- Keep in mind that more than likely if we get them to take our case, it won't be the Chicago office, but nevertheless we need to start with them. So I am listing the names of all the people listed on the Governing Committee in case you know or know of them. I assume they are Chicago people. I wrote a letter to Rabbi Gary S. Gerson, one of the members, and got a compassionate response; he said he would speak for me as one who knows of my family. Although it may be too late for this first rejection, I assume it will be on file with my case and together we can build this to something that will go forward. Here are the names: Michael C. Cook, President, Ellen J. Benjamin, Fay Clayton, Diane Geraghty, Rabbi Gary S. Gerson, Harriet Hausman, Clifford P. Kelley, Diane F. Klotnia, Jennifer Minor Lansing, Marcia E. Lazar,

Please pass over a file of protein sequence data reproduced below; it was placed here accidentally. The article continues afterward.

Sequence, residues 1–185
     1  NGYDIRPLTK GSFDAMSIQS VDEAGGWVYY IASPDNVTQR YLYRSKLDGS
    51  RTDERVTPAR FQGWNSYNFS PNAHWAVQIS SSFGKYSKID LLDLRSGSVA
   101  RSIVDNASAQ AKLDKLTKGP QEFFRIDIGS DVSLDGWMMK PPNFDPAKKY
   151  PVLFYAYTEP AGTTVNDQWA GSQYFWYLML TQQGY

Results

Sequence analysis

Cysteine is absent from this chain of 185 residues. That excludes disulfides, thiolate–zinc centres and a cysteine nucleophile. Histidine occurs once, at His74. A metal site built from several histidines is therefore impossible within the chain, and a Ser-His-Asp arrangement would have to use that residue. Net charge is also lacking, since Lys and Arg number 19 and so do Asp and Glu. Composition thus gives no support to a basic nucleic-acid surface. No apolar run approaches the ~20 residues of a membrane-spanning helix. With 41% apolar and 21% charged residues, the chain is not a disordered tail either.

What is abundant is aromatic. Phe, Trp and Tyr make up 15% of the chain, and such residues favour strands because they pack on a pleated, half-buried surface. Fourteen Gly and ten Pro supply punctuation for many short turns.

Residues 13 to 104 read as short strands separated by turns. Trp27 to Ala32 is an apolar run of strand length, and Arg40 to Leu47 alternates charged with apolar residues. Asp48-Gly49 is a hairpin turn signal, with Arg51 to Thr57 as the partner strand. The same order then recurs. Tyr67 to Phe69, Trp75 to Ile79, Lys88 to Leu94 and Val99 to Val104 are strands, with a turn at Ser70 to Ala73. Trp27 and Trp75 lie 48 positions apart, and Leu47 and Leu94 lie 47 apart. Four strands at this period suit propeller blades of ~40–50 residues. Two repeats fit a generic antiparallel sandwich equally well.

- Perhaps one of us could convince a lawyer to work with them offering their services. I don't know how that works, but it is worth exploring. I do know that the NEA is the most powerful lobbyist in Washington and it appears that most lawyers are crushed going up against the educational system. We need either a powerful organization such as the ACLU, or a Dershowitz caliber lawyer to even get past first base. All of us have experienced political courts and for any one person to spend their money fighting this political stronghold is unrealistic. ACLU represents the opportunity to do this together and an institution that is supposedly not part of corporate politics.
- Here is the information concerning the Chicago ACLU:
The Roger Baldwin Foundation of ACLU, Inc.
180 N. Michigan Ave. Suite 2300
Chicago, IL 60601-1287
Phone 312 201-9740
fax 312 201-9760
- Harvey Grossman, Legal Director
Benjamin S. Wolf, Associate Legal Director
Colleen K. Connell, Executive Director
Willard Dumas, III, Intake Director
Tanya Havell, Director of Foundation Relations
Karen Caseboltg, Major Gifts Officer
Edwin C. Yohnka, Director of Communications